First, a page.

TextBox textBox = new TextBox();
Scheduler.get().scheduleDeferred(new ScheduledCommand() {
@Override
public void execute() {
textBox.setFocus(true);
}
});
RootPanel.get().add(textBox); // Fires before setFocus
 

Notice that I said it should work.  In reality, focus can behave very weirdly, especially in IE.  I’ve found that if you create an element and try to focus it in the same event loop, the focus often fails in IE.  If your TextBox was already created (say in a constructor), it should be focusable as soon as you attach it to the DOM.  In either case, using a deferred command should always work.

We should be able to just make all calls to focus use a deferred command in IE, but then again maybe not.  What if you call focus() then blur() synchronously?  That means blur also needs to be in a deferred command.  I think it still works, but we’ll have to test all the use cases to make sure.

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Example of enforcing text max length

Need a scheduler because we should truncate after value is set to the widget, without the scheduleDeferred, we are truncating the text that has not appended the current user type char.

This textarea is defined inside a DynoTextArea class.

    private TextArea textArea = new TextArea()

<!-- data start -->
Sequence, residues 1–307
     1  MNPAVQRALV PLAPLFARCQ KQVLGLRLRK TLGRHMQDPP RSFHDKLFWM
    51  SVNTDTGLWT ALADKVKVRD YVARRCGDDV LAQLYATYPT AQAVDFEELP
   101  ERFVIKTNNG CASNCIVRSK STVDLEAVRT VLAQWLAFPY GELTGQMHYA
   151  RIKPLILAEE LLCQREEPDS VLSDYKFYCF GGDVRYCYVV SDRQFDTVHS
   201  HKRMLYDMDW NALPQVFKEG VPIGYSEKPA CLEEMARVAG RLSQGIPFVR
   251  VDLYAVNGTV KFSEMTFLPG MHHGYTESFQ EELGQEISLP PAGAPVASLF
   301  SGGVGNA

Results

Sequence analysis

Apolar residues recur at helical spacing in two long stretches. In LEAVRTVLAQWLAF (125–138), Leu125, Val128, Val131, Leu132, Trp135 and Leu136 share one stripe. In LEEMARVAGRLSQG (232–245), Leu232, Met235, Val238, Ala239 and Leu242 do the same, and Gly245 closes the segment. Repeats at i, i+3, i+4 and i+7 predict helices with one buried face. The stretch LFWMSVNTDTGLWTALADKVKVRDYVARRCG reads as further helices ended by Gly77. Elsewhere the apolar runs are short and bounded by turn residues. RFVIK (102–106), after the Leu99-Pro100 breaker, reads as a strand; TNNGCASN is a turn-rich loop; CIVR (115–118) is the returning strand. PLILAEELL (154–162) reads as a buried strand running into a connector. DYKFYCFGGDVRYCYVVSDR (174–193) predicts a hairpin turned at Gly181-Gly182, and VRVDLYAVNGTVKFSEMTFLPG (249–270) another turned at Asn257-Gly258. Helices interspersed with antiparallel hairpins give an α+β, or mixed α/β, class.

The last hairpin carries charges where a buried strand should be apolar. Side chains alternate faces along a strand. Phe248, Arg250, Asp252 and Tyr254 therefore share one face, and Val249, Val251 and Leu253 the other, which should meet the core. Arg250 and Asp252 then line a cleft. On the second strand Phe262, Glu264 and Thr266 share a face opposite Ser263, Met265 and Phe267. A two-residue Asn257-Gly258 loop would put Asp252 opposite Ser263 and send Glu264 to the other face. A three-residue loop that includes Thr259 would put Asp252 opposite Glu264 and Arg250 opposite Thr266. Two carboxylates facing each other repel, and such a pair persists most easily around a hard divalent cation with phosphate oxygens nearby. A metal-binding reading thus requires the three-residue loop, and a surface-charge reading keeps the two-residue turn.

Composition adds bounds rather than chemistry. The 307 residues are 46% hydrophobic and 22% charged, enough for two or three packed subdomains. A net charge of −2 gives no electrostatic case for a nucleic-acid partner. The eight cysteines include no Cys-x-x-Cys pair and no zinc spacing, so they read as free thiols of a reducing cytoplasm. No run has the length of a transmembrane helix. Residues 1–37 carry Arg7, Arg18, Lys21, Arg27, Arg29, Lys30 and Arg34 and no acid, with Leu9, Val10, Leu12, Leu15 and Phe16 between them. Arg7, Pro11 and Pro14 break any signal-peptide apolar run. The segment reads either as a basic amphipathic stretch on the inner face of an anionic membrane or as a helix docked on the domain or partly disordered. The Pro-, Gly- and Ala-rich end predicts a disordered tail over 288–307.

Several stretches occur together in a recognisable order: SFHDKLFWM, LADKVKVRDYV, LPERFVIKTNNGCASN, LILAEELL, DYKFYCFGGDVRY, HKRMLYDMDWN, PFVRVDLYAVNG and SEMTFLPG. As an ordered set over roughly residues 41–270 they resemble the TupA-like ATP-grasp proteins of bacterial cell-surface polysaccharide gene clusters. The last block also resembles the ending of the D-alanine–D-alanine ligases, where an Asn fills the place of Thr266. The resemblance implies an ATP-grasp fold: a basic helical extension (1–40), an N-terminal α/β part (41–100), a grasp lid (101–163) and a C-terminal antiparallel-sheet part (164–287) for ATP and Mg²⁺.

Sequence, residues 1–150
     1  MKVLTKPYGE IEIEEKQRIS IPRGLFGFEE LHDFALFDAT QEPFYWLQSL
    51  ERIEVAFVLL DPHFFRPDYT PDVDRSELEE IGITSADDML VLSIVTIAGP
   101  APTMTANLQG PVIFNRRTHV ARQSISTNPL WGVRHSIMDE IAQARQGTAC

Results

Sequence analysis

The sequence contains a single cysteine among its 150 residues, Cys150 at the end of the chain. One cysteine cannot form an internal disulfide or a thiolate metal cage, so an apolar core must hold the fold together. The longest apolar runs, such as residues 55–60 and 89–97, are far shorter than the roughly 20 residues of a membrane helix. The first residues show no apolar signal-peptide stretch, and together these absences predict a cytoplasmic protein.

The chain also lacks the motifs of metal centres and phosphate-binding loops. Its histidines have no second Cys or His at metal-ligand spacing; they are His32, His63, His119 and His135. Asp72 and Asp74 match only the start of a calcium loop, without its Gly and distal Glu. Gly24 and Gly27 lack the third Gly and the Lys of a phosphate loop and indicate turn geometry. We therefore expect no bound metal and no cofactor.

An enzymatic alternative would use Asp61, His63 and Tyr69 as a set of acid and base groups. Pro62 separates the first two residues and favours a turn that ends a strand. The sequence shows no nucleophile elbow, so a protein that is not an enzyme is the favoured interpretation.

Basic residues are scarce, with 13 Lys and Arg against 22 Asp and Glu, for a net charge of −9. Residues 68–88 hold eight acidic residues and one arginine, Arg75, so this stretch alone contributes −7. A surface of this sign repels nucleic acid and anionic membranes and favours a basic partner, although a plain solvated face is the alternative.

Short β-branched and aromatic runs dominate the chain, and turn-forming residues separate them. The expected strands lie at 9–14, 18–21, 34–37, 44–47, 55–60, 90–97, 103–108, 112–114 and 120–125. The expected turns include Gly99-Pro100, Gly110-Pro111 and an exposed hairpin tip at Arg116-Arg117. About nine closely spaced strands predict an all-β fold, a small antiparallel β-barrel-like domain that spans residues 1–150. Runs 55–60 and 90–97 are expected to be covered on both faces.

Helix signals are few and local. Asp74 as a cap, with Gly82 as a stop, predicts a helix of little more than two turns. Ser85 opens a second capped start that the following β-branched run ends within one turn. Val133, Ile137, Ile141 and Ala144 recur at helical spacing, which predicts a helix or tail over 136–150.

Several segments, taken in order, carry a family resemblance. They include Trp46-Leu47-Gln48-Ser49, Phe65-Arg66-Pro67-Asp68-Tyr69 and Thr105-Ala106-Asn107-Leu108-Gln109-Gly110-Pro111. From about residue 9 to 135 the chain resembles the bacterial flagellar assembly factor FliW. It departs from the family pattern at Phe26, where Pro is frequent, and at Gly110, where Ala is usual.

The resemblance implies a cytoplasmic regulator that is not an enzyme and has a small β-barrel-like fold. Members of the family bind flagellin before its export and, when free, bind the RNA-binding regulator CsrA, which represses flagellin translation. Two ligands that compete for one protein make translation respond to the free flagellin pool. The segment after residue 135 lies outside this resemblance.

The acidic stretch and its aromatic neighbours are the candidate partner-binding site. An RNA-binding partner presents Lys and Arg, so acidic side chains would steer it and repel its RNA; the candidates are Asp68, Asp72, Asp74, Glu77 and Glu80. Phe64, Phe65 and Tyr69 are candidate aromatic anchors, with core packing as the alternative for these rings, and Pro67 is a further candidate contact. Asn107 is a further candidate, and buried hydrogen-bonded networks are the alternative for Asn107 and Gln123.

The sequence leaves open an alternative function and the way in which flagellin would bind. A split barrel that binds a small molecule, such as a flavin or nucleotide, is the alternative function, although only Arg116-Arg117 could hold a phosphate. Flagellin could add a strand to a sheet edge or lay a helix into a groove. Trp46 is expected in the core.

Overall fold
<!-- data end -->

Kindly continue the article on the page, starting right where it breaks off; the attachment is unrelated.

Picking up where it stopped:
{
        @Override
        public void onBrowserEvent(Event event)
        {
            // Checking for paste event
            if (event.getTypeInt() == Event.ONPASTE)
            {
                if (DynoTextArea.this.truncateWhenExceedMax)
                {
                    //need a scheduler here because we should truncate after value is set to the widget
                    Scheduler.get().scheduleDeferred(new Scheduler.ScheduledCommand()
                    {

                        @Override
                        public void execute()
                        {
                            String deferedText = DynoTextArea.this.textArea.getValue();
                            if (deferedText != null && deferedText.length() > getMaxLength())
                            {
                                DynoTextArea.this.textArea.setValue(deferedText.substring(0, getMaxLength()));
                            }
                        }
                    });
                }
                return;
            }

            // Checking for keyUp event.
            if (event.getTypeInt() == Event.ONKEYDOWN)
            {
                String text = DynoTextArea.this.textArea.getValue() == null ? "" : DynoTextArea.this.textArea.getValue();
                //when truncate is set, only allow several keys when max is reached
                if (DynoTextArea.this.truncateWhenExceedMax && text.length() >= getMaxLength() && isDisplayCharacterEvent(event))
                {
                    event.preventDefault();
                    return;
                }
            }
            super.onBrowserEvent(event);
        }

    };

    /**
     * determint whether the passed in event is a display char key down event.
     * @param event
     * @return
     */
    public static boolean isDisplayCharacterEvent(Event event)
    {
        return event.getKeyCode() != KeyCodes.KEY_LEFT && event.getKeyCode() != KeyCodes.KEY_TAB && event.getKeyCode() != KeyCodes.KEY_RIGHT &&
            event.getKeyCode() != KeyCodes.KEY_DELETE && event.getKeyCode() != KeyCodes.KEY_BACKSPACE && event.getKeyCode() != KeyCodes.KEY_SHIFT &&
            event.getKeyCode() != KeyCodes.KEY_CTRL && event.getKeyCode() != KeyCodes.KEY_HOME && event.getKeyCode() != KeyCodes.KEY_END;
    }